*John Bunyan, quoted by James W. Bruce in From Grief to Glory (Carlisle, Pa.: The Banner of Truth Trust, 2008), 34.

Blogging Questions (a short survey, if you will)

If I posted about Economist or Wall Street Journal articles I found interesting, would you appreciate it?

November 25, 2008

Who Am I: Answered by Casting Crowns

Who am I, that the Lord of all the earth
Would care to know my name
Would care to feel my hurt
Who am I, that the Bright and Morning Star
Would choose to light the way
For my ever wandering heart

Not because of who I am
But because of what You've done
Not because of what I've done
But because of who You're

I am a flower quickly fading
Here today and gone tomorrow
A wave tossed in the ocean
A vapor in the wind
Still You hear me when I'm calling
Lord, You catch me when I'm falling
And You've told me who I am
I am Yours, I am Yours

Who Am I, that the eyes that see my sin
Would look on me with love and watch me rise again
Who Am I, that the voice that calmed the sea
Would call out through the rain
And calm the storm in me

I am Yours
Whom shall I fear
Whom shall I fear
'Cause I am Yours
I am Yours

November 24, 2008

Who Am I?: Thoughts from Scripture

I came across this passage a few days ago. It totally blew me away.
Daniel 9: 20-23
While I was speaking and praying, confessing my sin and the sin of my people Isreael, and presenting my plea before the LORD my God for the holy hill of my God, while I was speaking in prayer, the man Gabriel, whom I had seen in the vision at the first, came to me in swift flight at the time of the evening sacrifice. He made me understand, speaking with me and saying, "O Daniel, I have now come out to give you insight and understanding. At the beginning of your pleas for mercy a word went out, and I have come to tell it to you, for you are greatly loved. Therefore consider the word and understand the vision.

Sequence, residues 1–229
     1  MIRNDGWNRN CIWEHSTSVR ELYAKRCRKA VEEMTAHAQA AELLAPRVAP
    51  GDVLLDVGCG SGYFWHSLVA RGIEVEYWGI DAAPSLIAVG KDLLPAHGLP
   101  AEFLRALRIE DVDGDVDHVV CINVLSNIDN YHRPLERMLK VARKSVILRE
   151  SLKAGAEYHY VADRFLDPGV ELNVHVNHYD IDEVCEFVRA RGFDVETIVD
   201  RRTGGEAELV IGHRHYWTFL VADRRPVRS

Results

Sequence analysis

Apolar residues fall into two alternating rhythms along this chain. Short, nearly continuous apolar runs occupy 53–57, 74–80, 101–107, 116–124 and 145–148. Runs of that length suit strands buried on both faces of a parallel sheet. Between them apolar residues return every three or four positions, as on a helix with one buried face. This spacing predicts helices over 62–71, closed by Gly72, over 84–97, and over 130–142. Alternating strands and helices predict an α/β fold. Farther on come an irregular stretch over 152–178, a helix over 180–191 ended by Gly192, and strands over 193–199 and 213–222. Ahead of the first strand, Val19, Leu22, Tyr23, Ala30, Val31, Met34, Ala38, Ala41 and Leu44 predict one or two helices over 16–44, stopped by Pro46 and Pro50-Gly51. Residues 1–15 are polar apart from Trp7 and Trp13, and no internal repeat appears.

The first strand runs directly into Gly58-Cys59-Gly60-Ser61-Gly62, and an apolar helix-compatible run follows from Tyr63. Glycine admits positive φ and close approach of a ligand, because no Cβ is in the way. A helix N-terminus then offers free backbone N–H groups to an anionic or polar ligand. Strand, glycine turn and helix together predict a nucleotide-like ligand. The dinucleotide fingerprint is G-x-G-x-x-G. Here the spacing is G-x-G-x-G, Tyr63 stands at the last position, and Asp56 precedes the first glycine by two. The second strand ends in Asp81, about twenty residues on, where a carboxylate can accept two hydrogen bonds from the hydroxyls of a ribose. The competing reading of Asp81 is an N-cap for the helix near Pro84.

At the beginning of your pleas a word went out. You are greatly loved. Isn't that amazing? Daniel enjoyed such a close relationship with God that He was always by Daniel's side.

But keep reading:
Daniel 10: 10-11
And behold, a hand touched me and set me trembling on my hands and knees. And he said to me, "O Daniel, man greatly loved, understand the words that I speak to you, and stand upright, for now I have been sent to you." And when he had spoken this word to me, I stood up trembling.

"Man greatly loved" is almost Daniel's name, his definition. It describes the most important part about him.

So maybe A. W. Tozer was right. What we believe about God is the most important thing about us. That still doesn't answer my questions about the mystery of humanity: how we're all created in the image of God, but we are all different, but it doesn't seem to matter any more.